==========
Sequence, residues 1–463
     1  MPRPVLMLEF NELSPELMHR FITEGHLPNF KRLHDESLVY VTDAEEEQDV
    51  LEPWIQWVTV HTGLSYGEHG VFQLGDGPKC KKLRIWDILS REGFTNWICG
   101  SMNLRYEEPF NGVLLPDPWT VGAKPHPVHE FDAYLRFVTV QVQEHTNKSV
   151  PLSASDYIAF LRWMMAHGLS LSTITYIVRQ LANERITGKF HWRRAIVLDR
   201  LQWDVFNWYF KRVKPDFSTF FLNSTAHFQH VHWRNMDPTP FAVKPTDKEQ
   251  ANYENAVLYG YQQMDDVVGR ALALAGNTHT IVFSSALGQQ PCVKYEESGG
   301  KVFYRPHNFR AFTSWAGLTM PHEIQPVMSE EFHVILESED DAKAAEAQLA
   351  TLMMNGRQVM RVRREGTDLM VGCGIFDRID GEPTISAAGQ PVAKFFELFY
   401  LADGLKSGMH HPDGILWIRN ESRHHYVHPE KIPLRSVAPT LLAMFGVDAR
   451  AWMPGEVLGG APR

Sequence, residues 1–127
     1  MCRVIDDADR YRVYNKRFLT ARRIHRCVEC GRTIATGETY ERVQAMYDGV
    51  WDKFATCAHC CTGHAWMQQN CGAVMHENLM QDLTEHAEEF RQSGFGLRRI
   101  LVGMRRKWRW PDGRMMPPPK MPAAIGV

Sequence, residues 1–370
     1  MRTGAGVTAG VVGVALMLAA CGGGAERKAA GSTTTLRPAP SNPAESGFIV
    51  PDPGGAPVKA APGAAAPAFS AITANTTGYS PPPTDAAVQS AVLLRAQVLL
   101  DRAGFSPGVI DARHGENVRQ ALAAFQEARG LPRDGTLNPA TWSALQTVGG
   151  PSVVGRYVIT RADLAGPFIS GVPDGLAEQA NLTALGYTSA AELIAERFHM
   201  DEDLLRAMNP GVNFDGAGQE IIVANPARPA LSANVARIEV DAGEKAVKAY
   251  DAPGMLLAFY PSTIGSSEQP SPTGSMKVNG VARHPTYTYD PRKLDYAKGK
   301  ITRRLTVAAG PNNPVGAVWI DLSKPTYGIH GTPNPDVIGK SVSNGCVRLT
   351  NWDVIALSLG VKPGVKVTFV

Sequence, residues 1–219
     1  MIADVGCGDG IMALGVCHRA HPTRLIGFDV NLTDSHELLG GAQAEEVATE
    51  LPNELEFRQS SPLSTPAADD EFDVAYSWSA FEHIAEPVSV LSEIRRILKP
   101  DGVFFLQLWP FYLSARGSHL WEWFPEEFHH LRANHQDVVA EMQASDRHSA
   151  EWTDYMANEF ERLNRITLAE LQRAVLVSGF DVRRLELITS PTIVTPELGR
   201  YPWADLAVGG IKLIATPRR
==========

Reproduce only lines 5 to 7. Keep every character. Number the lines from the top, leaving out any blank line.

   151  PLSASDYIAF LRWMMAHGLS LSTITYIVRQ LANERITGKF HWRRAIVLDR
   201  LQWDVFNWYF KRVKPDFSTF FLNSTAHFQH VHWRNMDPTP FAVKPTDKEQ
   251  ANYENAVLYG YQQMDDVVGR ALALAGNTHT IVFSSALGQQ PCVKYEESGG